His greatest achievement ultimately occurred in 1972 during the Easter Offensive. The North Vietnamese launched an attacking force of 14 infantry divisions, 26 separate regiments, 1,200 troops and more than 120,000 troops. They succeeded in taking their goal of Quang Tri the first provincial capital to fall and pushed farther south.
Realising what was at stake General Truong was ordered to take command of I Corps by President Nguyen Van Thieu. Arriving in the area his mere presence gave new hope to the South Vietnamese troops. He devised a comprehensive defence in depth to halt the North Vietnamese Army‘s advance which would buy him time as he retrained South Vietnamese units that had been battered during the retreat and re-equipped them with new American gear using an accelerated training pro-gram. Launching a counter offensive in May with 3 divisions and US airpower and naval shelling Troung defended South Vietnam from invasion. It was a deliberate and slow process, but Truong’s forces routed six NVA divisions to retake Quang Tri on September 16.
Sadly it was not to be so again three years later. The North Vietnamese returned and defences in the Central Highlands collapsed. Truong was ordered to defend Hue and set about doing it but then a week followed of debate and accusations conflicting orders followed. Truong was ordered to abandon Hue until at the last minute this was countermanded. Because of conflicting orders, lack of preparation and collapse of morale the withdrawal from Hue became a disaster. Reaching Da Nang Truong tried to direct an evacuation by sea but panic had set in.
As Da Nang fell, he and his corps staff swam through the surf to the rescuing fleet of South Vietnamese boats. Truong was devastated by the loss of his forces, particularly his beloved ARVN 1st Division. Upon arriving in Saigon, he was reportedly hospitalized for a nervous breakdown. A U.S. Army officer who had worked closely with Truong heard what happened, tracked him down and arranged for his family to leave on an American ship as Saigon fell to the Communists. The family was split for some time before being all tracked down in America and reunited. After reuniting, Truong and his family moved to Falls Church, Va.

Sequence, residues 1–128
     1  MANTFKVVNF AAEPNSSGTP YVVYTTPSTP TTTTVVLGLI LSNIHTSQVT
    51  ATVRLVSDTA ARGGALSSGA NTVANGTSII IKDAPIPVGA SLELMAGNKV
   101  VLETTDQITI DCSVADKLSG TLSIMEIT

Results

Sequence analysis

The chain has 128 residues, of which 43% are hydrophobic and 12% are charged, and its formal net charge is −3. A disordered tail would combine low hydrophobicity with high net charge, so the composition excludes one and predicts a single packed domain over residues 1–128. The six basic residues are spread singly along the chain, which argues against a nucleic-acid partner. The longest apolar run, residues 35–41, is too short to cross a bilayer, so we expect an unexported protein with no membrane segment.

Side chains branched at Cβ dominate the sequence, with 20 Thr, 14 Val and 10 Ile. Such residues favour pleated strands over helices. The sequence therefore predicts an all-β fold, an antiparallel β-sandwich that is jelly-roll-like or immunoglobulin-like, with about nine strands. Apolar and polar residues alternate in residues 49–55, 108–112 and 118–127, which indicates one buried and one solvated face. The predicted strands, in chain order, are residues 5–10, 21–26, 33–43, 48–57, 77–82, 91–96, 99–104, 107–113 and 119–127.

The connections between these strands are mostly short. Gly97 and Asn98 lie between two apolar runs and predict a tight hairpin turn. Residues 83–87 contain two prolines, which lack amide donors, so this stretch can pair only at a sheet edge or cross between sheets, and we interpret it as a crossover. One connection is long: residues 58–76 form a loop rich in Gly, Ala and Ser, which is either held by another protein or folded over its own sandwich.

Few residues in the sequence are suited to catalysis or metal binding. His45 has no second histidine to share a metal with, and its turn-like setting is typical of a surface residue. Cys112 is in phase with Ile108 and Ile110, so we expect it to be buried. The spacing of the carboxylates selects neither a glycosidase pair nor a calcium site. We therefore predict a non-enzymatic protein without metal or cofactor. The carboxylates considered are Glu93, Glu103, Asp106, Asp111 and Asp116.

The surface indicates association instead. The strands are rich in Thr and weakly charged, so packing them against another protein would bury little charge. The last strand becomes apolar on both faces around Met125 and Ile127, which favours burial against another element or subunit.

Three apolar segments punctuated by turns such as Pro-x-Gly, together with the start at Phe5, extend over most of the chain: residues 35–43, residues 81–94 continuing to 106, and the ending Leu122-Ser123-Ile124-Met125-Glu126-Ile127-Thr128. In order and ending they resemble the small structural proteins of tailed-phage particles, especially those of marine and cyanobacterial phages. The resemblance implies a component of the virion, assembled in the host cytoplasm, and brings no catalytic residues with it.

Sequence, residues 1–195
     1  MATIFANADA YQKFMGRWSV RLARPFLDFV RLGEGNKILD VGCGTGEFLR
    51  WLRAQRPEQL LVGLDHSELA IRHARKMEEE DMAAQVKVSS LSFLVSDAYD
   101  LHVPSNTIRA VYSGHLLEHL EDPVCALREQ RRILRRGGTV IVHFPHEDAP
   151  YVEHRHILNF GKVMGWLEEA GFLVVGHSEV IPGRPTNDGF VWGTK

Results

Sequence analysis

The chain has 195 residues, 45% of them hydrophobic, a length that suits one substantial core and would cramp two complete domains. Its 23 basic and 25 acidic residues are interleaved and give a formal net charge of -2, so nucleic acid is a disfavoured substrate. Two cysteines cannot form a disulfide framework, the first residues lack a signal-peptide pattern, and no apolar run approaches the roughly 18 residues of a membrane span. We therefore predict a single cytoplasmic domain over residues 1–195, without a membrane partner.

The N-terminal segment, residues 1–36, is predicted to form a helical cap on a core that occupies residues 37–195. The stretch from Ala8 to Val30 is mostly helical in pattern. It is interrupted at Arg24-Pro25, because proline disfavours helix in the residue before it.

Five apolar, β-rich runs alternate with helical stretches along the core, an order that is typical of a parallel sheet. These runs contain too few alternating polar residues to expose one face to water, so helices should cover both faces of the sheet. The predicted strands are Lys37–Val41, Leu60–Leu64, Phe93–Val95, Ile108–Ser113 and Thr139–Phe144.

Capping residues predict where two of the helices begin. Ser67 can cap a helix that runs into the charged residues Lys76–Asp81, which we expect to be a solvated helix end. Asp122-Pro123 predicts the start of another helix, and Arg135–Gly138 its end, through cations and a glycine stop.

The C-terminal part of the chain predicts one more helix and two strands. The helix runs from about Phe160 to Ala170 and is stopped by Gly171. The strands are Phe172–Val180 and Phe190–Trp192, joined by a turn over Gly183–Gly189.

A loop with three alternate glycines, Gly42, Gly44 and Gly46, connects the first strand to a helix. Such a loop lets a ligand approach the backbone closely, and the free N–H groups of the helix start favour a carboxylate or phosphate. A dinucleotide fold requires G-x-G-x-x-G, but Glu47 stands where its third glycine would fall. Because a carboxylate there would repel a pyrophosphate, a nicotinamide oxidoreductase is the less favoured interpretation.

Many Australian and American troops came from the war in Vietnam which was known as the first war our countries had lost. Not necessarily accurate but it was hard thing to deal with for some of our troops. The one thing we did not have to deal with that Truong like so many of his fellow South Vietnamese soldiers had to was that they could not go home. They had not just been on the losing side of a war that they had fought for so long and given up so much for but they had also lost their countries, their homes. True to his character though Truong got on with living a good life in his adopted country. Once settled there, he wrote several historical studies on the Vietnam War for the U.S. Army Centre of Military History. In 1983, the same year that he became a U.S. citizen, he moved to Springfield, Va. He worked as a computer analyst for the Association of American Railroads for 10 years until he retired in 1994. He died due to cancer in 2007. Shortly after his death, the Virginia Legislature passed a Joint Resolution “Celebrating the Life of Ngo Quang Truong.”
Schwarzkopf wrote of him “He did not look like my idea of a military genius: only five feet seven…very skinny, with hunched shoulders and a head that seemed too big for his body….His face was pinched and intense…and there was always a cigarette hanging from his lips. Yet he was revered by his officers and troops—and feared by those North Vietnamese commanders who knew of his ability.”
Two decades before he was recognised as a citizen of his country he fought for it in two wars. He couldn’t vote in his own country where his people had been for thousands of years. This was nothing new. His father Walter (Chris) Saunders and uncle William Reginald Rawlings MM had done so before him in the Great War, the uncle not returning home. His family would continue to pay a cost for serving the nation. His brother Harry Saunders would die at Kokoda and his first marriage would not withstand his time away in Korea. What did change was that he became the first Aboriginal to be commissioned into the Australian Army going on to command 100 men in combat.